My piece ‘Eshu’ featured on my website demonstrates that style, and later on, one can see remnants of it in my self-portrait called ‘Flower.’ But at that point, I found the style was insufficient in that I wanted to give viewers more ‘information’ about the subject, hence the shading.
All these things have given me context for the experiences of my life from which I draw the stories in my art. The love that drove my mother to be so tireless in her support allowed me to seriously consider the idea I could pursue this career that, on the surface, seemed to guarantee poverty. I could become an artist simply because it would make me happy.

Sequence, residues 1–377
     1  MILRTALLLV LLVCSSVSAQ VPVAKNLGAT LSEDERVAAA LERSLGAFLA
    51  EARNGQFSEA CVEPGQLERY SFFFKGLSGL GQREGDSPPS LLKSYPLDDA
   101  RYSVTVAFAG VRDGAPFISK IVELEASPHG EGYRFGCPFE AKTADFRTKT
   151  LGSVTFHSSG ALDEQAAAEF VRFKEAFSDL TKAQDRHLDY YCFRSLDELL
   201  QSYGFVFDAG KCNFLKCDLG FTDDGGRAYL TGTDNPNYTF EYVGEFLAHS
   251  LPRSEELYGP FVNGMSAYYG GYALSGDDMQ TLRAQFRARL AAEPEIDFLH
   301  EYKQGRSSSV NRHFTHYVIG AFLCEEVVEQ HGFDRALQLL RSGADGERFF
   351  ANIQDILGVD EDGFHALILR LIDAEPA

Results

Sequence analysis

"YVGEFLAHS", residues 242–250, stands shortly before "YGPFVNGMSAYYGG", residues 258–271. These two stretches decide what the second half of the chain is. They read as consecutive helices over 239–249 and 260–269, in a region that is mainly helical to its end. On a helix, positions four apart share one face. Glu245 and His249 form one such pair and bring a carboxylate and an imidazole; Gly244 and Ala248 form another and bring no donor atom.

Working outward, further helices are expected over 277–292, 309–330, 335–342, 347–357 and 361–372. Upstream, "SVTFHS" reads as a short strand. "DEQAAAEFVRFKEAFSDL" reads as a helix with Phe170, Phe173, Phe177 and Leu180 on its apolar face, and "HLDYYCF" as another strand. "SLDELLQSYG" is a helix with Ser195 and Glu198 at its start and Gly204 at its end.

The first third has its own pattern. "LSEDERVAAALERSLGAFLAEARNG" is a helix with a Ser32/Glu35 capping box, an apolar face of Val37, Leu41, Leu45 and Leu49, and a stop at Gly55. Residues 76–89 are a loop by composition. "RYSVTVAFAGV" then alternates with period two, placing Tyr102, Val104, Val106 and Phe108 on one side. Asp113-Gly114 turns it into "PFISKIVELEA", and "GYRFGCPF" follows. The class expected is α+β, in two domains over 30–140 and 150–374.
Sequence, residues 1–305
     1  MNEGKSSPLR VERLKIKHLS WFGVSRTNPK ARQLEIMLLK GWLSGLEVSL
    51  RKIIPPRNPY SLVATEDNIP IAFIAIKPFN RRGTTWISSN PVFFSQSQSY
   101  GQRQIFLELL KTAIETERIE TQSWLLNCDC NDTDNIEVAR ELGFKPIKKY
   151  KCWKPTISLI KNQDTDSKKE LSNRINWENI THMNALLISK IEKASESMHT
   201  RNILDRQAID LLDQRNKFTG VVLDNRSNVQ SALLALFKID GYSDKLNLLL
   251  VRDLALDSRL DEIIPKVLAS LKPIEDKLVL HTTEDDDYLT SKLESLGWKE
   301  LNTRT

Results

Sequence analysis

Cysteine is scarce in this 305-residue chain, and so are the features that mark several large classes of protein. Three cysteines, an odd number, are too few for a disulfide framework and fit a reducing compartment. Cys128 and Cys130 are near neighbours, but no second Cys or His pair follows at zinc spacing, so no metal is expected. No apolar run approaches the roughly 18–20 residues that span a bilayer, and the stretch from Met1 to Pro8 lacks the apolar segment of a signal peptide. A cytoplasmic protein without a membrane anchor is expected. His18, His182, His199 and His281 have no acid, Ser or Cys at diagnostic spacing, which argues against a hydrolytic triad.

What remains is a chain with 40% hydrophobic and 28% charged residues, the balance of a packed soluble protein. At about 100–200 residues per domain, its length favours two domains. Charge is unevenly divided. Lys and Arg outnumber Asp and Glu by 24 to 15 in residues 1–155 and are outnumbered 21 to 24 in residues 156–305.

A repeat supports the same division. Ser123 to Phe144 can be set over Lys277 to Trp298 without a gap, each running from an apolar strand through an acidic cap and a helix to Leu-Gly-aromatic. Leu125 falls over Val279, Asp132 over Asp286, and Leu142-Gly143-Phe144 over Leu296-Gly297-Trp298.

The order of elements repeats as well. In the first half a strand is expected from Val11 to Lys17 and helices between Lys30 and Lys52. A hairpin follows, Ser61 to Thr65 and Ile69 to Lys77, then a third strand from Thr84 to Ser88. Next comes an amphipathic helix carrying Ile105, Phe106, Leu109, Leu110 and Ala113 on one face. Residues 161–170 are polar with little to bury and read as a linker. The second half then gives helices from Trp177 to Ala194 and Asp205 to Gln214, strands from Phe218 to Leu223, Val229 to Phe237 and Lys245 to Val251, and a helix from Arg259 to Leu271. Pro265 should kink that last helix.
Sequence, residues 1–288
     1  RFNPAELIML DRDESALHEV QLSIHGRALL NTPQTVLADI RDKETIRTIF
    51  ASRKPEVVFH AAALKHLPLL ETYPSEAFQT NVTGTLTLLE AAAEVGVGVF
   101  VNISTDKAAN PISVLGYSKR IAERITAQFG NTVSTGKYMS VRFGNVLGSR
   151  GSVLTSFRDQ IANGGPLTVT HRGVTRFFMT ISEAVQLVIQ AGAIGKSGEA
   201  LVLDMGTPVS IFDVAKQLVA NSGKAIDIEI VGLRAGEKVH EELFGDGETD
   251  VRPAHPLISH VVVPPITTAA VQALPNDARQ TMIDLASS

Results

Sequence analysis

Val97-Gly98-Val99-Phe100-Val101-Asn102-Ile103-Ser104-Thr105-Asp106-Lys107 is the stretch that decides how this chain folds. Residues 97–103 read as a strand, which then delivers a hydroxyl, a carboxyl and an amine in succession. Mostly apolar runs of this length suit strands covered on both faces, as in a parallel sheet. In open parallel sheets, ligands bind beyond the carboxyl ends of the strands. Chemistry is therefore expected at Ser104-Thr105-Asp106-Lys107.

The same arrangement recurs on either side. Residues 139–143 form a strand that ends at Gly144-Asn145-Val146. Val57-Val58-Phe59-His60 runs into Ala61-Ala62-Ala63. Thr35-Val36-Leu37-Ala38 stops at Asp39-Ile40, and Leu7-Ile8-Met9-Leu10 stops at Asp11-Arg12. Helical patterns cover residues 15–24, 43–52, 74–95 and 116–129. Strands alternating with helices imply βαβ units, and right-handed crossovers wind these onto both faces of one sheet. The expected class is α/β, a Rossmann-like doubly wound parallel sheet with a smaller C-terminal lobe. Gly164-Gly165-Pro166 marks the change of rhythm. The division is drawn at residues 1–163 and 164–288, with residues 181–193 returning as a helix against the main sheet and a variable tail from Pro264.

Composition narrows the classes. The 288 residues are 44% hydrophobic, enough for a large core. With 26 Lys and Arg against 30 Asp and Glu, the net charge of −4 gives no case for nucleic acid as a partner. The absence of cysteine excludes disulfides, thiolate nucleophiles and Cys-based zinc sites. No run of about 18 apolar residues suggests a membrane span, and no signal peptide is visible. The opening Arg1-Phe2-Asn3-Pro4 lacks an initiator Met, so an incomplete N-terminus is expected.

Picasso might have been rich in those days, but few other artists seemed to be. Imagine that kind of freedom!
What was your route to becoming an artist?
The route of my career as an artist was full of twists and turns. Attending Cooper Union was a head-start. but I left before I got a degree, unaware that teenage insecurities were almost universally common and would dissipate with time. I was the only ‘openly’ black student at the time. There were other black students, but their skin tones and cultural knowledge helped them ‘pass’ for white. While all of my peers were very friendly, I still felt isolated and often cut class to visit Harlem where I knew no one, but I blended in.
(For more information on ‘racial passing,’ Ruth suggests reading journalist Joe Mozingo’s autobiography The Fiddler on Pantico Run: An African Warrior, His White Descents, A Search for Family .)